Canada's largest securities regulator continues to move to
implement its whistleblowing program, and investors and market
participants should take note. The experience of whistleblowing
initiatives at the SEC, required by the post-meltdown
Dodd-Frank Act, should provide some guidance and
The SEC, in its 2015 Annual Report on the Dodd-Frank Whistleblower
Program submitted to Congress on November 16, 2015, announced
record amounts of tips received from and awards paid out to
whistleblowers. In the fiscal year 2015, the SEC received almost
4,000 total whistleblowing tips, an over 8% increase since the
fiscal year 2014 and an over 30% increase since the fiscal year
2012. However, there was a slight decrease in the number of foreign
tips received; in the fiscal year 2015, 421 tips were received from
whistleblowers outside the United States, representing a 6%
decrease since the fiscal year 2014. After the United Kingdom,
Canada represented the largest foreign source of whistleblowing
tips to the SEC's program.
Record award payments were made in the fiscal year 2015, with
the SEC paying out more than $37 million in awards to eight
whistleblowers. This represents over two-thirds of the total value
of payments made by the SEC since the whistleblowing program came
into effect in August 2011. Since then, over $54 million has been
paid to 22 whistleblowers. The SEC recently suggested that it will limit
awards for whistleblowers who wait before coming forward, and that
higher awards should be given to whistleblowers who report without
Notably, the SEC paid over $30 million to a single overseas
whistleblower in the fiscal year 2015, the largest amount the
regulator has ever paid to a single whistleblower – and more
than all other awards combined paid out by the SEC's program
since its launch. The spectacularly large payout proved correct
concerns that an October 2013 award for $14 million – the
highest amount awarded previously – was an omen predicting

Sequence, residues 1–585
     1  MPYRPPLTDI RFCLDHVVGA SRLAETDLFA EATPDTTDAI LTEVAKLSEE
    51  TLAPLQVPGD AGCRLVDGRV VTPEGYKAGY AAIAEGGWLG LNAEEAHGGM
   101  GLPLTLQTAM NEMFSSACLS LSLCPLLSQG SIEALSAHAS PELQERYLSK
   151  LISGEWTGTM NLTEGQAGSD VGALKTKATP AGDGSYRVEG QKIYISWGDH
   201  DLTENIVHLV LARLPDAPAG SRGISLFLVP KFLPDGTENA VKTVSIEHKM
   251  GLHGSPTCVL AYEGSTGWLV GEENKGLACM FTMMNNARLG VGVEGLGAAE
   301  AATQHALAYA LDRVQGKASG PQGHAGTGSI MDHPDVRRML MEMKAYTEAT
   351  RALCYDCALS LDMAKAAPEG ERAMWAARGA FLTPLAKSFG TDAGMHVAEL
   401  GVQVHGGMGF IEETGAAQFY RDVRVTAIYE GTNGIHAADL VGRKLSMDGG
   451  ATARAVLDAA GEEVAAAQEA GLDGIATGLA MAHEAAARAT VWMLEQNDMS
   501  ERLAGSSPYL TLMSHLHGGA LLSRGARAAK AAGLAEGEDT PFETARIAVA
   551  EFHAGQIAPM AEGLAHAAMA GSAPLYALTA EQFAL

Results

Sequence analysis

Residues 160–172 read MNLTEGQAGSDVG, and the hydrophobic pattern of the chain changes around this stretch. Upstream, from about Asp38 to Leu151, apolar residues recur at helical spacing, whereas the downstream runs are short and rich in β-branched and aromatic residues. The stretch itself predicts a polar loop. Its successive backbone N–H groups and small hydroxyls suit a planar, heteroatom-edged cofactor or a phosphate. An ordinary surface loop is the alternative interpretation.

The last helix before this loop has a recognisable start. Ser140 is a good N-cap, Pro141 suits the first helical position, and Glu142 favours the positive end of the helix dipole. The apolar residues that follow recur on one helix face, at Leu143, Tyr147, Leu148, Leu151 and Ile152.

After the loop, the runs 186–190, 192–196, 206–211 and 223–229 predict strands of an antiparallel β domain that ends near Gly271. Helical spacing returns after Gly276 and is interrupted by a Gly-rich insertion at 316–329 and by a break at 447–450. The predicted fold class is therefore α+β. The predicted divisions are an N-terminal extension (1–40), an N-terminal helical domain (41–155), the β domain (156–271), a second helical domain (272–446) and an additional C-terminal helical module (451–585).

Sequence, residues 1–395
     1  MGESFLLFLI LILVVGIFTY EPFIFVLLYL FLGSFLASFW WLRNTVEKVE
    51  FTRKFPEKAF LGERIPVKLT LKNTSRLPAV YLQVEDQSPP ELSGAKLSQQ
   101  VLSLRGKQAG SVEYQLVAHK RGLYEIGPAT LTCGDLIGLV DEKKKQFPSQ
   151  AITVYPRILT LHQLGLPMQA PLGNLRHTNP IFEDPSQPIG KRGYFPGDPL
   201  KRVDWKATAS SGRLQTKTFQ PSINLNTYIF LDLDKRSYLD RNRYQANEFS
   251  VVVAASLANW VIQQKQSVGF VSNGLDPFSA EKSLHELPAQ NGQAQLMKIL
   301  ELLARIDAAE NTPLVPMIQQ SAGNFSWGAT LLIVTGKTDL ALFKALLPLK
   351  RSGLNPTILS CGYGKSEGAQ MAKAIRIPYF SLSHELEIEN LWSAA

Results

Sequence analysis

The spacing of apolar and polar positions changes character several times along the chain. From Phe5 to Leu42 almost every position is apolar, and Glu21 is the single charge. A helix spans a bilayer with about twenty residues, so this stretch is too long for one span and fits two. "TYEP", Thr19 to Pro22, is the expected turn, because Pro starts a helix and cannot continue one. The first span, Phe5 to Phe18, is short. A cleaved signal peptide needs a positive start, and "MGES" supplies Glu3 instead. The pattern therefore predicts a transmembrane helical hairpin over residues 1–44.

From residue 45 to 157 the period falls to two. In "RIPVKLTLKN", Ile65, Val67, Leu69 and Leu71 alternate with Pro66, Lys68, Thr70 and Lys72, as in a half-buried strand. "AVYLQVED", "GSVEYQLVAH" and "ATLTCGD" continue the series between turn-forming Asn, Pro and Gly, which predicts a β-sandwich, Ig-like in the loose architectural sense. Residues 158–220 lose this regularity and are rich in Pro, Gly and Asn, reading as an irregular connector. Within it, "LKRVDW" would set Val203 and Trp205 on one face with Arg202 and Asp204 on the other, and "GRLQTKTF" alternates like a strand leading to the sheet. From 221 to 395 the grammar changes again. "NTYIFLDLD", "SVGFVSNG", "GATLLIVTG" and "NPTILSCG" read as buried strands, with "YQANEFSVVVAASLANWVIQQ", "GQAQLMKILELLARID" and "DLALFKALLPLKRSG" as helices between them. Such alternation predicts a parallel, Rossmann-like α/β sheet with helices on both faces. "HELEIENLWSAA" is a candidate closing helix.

massive payments to whistleblowers in the future.
The OSC's proposed program seeks to avoid payments of this
magnitude by imposing a $5 million cap on whistleblower awards. The
SEC's program, by contrast, has no cap on amounts awarded. The
OSC also proposes a lower payout scale than the SEC's program;
for monetary sanctions or voluntary payments in excess of $1
million, the OSC proposes paying out between 5 and 15% of sanctions
or payments as an award to the whistleblower, as opposed to the
SEC's award scale of between 10 and 30% .
While more circumscribed than the SEC's program, tying the
award at all to penalties imposed may put additional pressure on
Canadian regulators to alter their traditional approach to
securities enforcement, which is protective and preventative, as
opposed to penal.
There is also concern that the proposed policy could undermine
the OSC's efforts to encourage compliance and internal
reporting of securities law violations. Since eligibility for
awards under the OSC's current proposal does not require
whistleblowers to first report misconduct through appropriate
internal channels, this creates an incentive for whistleblowers to
forego internal reporting and go straight to the regulator in the
hope of securing monetary rewards. While the largest Canadian
regulator says that it will encourage employees with knowledge of
securities law wrongdoing to report internally first, its proposed
Whistleblower Program does not make this a requirement, citing
extenuating circumstances that may hinder an employee reporting
misconduct through internal channels.
We, as well as other commenters, take the view that reporting
internally should be a requirement to receive a whistleblower
award, except where good reasons are given as to why this was not
feasible. We feel that this would both address the OSC's
concern and help enhance a corporate culture of compliance.
Under the Income Tax Act, the Employment Insurance Act, and the Excise Tax Act, a director of a corporation is jointly and severally liable for a corporation's failure to deduct and remit source deductions or GST.
Under the Income Tax Act, the Employment Insurance Act, the Canada Pension Plan Act and the Excise Tax Act, a director of a corporation is jointly and severally liable for a corporation's failure to deduct and remit source deductions.
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